A New Year Quiz Game

by Richard L. Howey, Wyoming, USA



I decided this year to forgo presenting a horoscope given the world-wide economic chaos, since I didnít want to discourage and depress you. Instead, I decided to try to provide something momentarily diverting and fun. Following the inspired example of Dave Walker who has done some splendid photomicrography of ordinary, household items (and one of his photos was a winner in last yearsí Nikon Small World contest) I thought I'd let you play a guessing game. I took a series of photographs of various common domestic and/or lab objects up close weíll see how many you recognize. Iíll give you some ambiguous and largely unhelpful hints just to stimulate your brain and then Iíll provide answers next month. However, if you get really frustrated and canít wait, send a check for $50 and Iíll e-mail the answers to you. Or, if you would just like more clues, send $25. (Ordinarily, Iíd charge $250 and $125, but I realize that it was primarily egregiously greedy American who cause the economic collapse, so I am radically reducing my fees.)

I selected 14 images (one for each month of the yearĖwhich may or may not be significant) and beneath each one there is a clue and maybe there are 1 or 2 images that are not common. For the first one, I have provided 3 images as it may present the most difficulty. Remember, philosophers are sneaky. Nonetheless, as an incentive, I will send this Neo-Victorian slide of my own making, of a starfish to the individual who identifies the most images correctly. You must send me your identification list by February 5, 2009 by e-mail. Be sure to include the item number with each identification and also include your e-mail address so that, if you are a winner, I can contact you for your mailing address. If more than 2 people correctly guess all 12 items, then the 2 winners will be determined by which entries are the earliest. If there is a tie, the other person will receive another of my Neo-Victorian slides, this time, one of a sand dollar.

(The slides will not necessarily be those picture but will be very similar.)

I have processed the images only to increase clarity, sharpness and contrast; I have not introduced any distortions to mislead you. If, in the process of setting up the image, I use any special techniques, such as, polarization, DIC, etc., I will tell you that in the clue section. I will also let you know whether the image was taken with a compound or a stereo-dissecting microscope.

Item #1

This is something which every microscopist has come across and which most have used. This was taken using Nomarksi Differential Interference Contrast which you may recall incorporates polarization. Taken with a compound microscope.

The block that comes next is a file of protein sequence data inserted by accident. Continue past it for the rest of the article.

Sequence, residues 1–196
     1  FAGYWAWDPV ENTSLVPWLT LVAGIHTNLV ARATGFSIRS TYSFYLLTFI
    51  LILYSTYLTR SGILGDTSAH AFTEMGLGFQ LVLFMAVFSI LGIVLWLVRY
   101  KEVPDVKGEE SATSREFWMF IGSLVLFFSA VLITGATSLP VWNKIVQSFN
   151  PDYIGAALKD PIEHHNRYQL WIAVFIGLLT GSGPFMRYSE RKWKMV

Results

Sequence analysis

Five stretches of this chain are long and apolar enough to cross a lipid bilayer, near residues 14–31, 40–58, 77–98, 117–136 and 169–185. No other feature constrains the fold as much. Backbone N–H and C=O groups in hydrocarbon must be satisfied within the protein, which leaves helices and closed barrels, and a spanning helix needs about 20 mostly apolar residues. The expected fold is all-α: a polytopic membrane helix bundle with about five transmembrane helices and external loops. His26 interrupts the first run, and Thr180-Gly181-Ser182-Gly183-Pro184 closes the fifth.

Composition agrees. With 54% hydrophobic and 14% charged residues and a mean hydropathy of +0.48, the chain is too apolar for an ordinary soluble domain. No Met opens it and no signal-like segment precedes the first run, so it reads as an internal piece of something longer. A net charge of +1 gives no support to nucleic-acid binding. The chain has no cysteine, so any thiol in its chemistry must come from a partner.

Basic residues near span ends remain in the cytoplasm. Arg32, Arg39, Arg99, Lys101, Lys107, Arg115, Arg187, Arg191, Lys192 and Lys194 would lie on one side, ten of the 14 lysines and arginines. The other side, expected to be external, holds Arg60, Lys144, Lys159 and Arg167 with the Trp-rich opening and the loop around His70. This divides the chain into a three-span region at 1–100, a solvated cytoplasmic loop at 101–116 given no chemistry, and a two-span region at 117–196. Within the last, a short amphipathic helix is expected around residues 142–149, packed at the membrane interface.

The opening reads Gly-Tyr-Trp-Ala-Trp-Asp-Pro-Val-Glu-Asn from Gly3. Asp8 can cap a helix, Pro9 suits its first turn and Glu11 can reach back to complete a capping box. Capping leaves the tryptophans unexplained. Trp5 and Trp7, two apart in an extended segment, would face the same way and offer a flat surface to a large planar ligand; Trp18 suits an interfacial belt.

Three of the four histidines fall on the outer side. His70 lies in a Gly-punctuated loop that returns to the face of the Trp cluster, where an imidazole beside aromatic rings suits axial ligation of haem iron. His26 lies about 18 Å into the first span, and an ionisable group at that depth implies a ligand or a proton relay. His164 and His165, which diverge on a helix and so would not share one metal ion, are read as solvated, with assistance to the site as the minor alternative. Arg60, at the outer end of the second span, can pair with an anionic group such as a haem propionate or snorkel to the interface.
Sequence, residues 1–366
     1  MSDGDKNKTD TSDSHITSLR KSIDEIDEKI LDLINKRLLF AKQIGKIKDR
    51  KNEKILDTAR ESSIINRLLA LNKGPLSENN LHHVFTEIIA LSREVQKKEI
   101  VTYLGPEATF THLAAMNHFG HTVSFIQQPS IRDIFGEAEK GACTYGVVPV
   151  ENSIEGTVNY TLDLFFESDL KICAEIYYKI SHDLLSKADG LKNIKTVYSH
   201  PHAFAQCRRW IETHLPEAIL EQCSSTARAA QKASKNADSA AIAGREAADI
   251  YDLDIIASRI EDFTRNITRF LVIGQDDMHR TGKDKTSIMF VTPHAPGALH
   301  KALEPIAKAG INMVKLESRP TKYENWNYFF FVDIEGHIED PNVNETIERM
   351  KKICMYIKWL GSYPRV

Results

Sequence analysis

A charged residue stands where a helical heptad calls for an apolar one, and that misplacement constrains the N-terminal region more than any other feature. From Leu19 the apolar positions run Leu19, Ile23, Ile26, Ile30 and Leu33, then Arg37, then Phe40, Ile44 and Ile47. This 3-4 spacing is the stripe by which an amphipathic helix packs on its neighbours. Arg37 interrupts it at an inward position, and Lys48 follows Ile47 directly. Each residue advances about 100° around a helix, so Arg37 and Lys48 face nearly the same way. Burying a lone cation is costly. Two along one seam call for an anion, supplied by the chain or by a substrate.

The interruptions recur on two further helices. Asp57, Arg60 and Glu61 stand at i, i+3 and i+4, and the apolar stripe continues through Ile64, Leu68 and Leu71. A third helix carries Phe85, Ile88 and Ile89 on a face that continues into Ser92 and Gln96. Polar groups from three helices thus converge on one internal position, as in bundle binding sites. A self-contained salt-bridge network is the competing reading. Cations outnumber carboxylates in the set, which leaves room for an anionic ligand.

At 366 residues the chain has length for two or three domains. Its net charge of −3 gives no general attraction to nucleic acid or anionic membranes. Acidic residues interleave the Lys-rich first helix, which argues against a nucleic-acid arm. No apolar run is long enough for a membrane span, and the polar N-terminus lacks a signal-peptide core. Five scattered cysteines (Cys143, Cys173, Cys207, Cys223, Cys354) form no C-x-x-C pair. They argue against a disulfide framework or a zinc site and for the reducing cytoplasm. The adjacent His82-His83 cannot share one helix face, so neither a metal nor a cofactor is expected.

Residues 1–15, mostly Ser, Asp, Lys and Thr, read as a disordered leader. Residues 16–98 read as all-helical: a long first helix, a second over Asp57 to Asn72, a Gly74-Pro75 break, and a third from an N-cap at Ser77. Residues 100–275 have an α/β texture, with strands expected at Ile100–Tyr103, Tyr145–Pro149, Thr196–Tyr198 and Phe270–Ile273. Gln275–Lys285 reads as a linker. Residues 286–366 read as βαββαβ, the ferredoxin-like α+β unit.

Item #2

This is derived from a substance which many households keep in their medicine cabinet. The image was taken using polarized light with a compound microscope. I hope it doesnít leave you cold.

Item #3

This is something which some people carry with them at all times. Their use can become compulsive and theyíre noted for being oddly robust. Stereo-dissecting microscope.

Item #4

This handy little item was invented by the scientific techno-wizard in the James Bond movies. Stereo-dissecting microscope.

Item #5

My wife is always teasing me, but fortunately she doesnít use one of these. Stereo-dissecting microscope.

Item #6

You need this if you want to be on the cutting edge. Stereo-dissecting microscope.

Item #7

Itís always good to put a little spice in your life. Stereo-dissecting microscope.

Item #8

While youíre out basking in the sun beside your favorite pond, you can indulge in some of these. Stereo-dissecting microscope.

Item #9

Highly utilitarian, but if you just use your computer to communicate, then you may not invest in one of these. Stereo-dissecting microscope.

Item #10

Under certain conditions, this could make you sneeze and ruin your companionsí dining pleasure.

Item #11

Itís a good idea to have 2 or 3 or even 4 of these around, especially in the lab.

Item #12

These are very handy for sorting and organizing things and even for identifying slides.

Good luck and have fun. The answers will magically appear next month.

All comments to the author Richard Howey are welcomed.

Editor's note: Visit Richard Howey's new website at http://rhowey.googlepages.com/home where he plans to share aspects of his wide interests.


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Published in the January 2009 edition of Micscape Magazine.

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